Most "academic" or "intellectual" b-school?

Any thoughts on which business schools have are the most "academic", in that what they are doing is less vocational and more conceptual? I.e., which MBA programs are most similar to Ph.D. programs? If someone was less worried about learning how to be a mover and shaker and more worried about gaining a deep understanding of the mechanics and fundamentals of business and finance, where would you tell them to go? M.I.T.? Wharton? Darden?

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Mar 23, 2007 - 3:45pm

There is a guy that works here that went to Penn State. Well by work here, I mean he drops off our dinner orders on his bike.

-------------- Either you sling crack rock or you got a wicked jump shot
Mar 30, 2007 - 11:43pm
BSD123:
There is a guy that works here that went to Penn State. Well by work here, I mean he drops off our dinner orders on his bike.

hahahaha... but you should SEE that bike!

Apr 3, 2007 - 12:18am
sleepyguyb:
But their top 50!

umm...usnews rates it below 50. dunno what happened in the 2008 rankings though. BW puts it at 40 something. its ranked 13 among public schools, which seems fine. i feel more than rankings, what would give u a better idea is the school's placement record, mean/median salaries and the companies that recruited on campus. If those match with ur career aspirations and the program is solid...then it's fine.

Jun 3, 2007 - 10:03pm

taking the time and money off to get a MBA that's not at the very least in the top 20 is considered an extermly poor investment by most studies.

top degrees in quantitative finance (master's) like princeton, Mit, etc. are the most academic of the sort.

Jun 3, 2007 - 10:04pm

variances in academic rigor & workload between top 15 b-schools (Originally Posted: 02/16/2012)

I was curious to know if people could provide a general sense of those top-15 MBA programs that are known to have a rigorous academic program, in comparison to those who known to have a somewhat more relaxed workload approach.

...By no means am I looking for a cake-walk, however I think this my play a factor for those like myself who will need to dedicate significant time towards an independent internship/job hunt for non-traditional career fields, where on-campus interviewing will likely not be possible.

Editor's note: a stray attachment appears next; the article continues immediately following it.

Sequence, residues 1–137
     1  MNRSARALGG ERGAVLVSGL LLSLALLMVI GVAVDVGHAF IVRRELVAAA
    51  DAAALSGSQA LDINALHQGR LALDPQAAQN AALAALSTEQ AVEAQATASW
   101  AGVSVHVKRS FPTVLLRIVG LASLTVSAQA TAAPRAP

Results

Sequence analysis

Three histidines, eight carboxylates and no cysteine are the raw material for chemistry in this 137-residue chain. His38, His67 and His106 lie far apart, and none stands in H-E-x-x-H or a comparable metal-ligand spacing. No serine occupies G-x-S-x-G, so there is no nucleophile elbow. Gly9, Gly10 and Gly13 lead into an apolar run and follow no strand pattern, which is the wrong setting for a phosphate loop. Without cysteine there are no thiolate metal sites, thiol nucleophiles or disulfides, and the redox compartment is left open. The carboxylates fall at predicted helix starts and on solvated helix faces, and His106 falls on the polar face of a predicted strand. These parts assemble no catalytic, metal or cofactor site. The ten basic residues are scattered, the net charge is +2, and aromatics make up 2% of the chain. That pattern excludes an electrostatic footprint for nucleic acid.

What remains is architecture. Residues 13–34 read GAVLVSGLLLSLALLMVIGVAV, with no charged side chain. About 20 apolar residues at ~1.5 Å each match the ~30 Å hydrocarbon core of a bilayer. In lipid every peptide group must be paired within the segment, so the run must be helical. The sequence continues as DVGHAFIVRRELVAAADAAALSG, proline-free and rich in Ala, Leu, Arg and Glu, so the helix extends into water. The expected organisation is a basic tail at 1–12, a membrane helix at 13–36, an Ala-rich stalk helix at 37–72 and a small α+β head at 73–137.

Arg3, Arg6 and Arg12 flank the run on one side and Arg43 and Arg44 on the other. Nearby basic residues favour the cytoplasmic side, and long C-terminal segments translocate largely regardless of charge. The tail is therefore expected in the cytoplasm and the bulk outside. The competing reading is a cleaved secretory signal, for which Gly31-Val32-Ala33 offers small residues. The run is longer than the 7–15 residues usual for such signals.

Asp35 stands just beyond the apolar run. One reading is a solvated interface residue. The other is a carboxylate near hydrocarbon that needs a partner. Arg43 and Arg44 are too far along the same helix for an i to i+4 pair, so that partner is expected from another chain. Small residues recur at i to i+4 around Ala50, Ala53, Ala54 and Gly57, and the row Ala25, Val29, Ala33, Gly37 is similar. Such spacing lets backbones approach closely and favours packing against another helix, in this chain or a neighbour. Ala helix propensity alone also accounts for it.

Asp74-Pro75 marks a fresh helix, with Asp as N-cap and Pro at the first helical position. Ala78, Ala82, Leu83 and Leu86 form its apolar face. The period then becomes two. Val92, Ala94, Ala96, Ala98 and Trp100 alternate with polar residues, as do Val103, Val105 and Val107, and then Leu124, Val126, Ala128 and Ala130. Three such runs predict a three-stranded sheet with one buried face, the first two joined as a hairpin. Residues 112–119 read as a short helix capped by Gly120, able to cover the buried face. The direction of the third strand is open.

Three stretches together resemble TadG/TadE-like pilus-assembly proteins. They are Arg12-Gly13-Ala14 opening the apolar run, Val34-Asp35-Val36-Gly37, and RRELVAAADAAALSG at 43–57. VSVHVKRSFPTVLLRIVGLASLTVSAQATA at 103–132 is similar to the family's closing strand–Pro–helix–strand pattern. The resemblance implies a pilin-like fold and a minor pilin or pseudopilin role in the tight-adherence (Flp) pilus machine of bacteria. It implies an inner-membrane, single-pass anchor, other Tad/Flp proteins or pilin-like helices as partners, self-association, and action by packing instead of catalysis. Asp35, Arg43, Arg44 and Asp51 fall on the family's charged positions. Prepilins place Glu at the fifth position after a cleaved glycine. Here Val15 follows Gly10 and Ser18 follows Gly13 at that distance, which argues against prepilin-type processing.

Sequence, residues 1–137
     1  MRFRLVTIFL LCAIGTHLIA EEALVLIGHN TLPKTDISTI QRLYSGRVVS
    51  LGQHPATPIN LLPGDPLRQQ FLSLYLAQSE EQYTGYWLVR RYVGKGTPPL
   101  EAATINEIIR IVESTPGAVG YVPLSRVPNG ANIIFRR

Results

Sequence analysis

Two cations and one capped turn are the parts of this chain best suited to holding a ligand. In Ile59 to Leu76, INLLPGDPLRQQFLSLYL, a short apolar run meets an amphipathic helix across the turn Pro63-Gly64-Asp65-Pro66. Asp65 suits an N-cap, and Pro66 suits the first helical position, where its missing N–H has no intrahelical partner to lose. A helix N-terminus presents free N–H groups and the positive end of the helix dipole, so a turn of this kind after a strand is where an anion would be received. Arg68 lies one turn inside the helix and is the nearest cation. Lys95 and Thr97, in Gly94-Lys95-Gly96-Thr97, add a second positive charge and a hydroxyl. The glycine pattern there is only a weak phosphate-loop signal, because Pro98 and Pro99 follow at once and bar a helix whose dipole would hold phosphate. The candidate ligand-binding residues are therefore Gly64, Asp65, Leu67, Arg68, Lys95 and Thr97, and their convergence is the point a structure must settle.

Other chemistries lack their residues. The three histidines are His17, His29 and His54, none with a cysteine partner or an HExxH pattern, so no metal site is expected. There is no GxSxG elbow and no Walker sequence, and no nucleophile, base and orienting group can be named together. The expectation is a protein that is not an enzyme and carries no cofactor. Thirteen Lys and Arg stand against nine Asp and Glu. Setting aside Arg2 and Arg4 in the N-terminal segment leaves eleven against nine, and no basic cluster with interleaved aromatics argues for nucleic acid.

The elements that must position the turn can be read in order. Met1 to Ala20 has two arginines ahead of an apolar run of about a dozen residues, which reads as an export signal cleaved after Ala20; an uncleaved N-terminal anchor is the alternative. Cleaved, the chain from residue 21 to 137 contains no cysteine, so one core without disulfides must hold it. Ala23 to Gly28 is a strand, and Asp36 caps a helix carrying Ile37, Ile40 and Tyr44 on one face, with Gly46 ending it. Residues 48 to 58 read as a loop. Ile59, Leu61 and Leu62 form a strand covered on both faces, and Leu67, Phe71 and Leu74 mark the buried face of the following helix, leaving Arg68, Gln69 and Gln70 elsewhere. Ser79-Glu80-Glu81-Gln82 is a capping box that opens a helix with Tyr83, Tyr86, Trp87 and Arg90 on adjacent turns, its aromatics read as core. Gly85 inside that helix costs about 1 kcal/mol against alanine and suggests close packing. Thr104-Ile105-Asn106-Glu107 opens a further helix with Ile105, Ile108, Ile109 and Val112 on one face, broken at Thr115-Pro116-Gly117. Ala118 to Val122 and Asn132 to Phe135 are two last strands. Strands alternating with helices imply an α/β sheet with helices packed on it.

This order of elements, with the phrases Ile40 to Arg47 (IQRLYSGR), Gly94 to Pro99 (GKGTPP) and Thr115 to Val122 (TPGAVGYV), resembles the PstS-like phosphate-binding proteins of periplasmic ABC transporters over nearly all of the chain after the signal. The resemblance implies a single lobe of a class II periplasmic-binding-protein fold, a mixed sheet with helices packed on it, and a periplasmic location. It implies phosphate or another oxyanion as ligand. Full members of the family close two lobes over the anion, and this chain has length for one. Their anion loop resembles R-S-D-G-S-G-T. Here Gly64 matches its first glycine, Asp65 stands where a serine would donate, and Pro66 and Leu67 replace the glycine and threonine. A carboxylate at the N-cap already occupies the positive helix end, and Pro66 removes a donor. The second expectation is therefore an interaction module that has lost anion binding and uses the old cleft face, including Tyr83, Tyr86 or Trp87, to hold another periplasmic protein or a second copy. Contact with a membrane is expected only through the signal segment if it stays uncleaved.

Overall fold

Jun 3, 2007 - 10:05pm

For most schools, first year is just plain busy but not exceedingly difficult. 2nd year should be cakewalk.

I don't know about too many schools, but some of the associates in my start class had said that Darden was pretty brutal in terms of day-to-day course work.

Jun 3, 2007 - 10:08pm

CMU Tepper (quant method) and UVA Darden (case method) are well known to have brutal workloads. The quant oriented schools in general will be tons of work - Booth, Sloan, Tepper, etc.

Overall your MBA will be as busy as you make it. If you study something like marketing, and are not a leader you can cruise through with little work. If you are an active leader (deep involvement in clubs, etc), focus on something quantitative like finance, get good grades, and actually bust ass to network / interview you will absolutely be working your butt off. In this economic climate there are no do-overs and top companies are looking to hire the best. In my experience, the people who skated through b-school are the people who didn't get good jobs.

I worked my effing butt off during my MBA. I was the president of one of the professional clubs and got really good grades.

Jun 3, 2007 - 10:07pm

I agree. The MBA is entirely what you make of it? I spent majority of my time working on a med device startup Kellogg financed through one of their entrep programs. Yes my grades did suffer a little because I was on the road constantly pitching to VCs, but at the end of the day I learned 1000x more about running a company and about myself than any class could've taught me at the school. Point: grades and academcis should not be one's sole focus at a good program.

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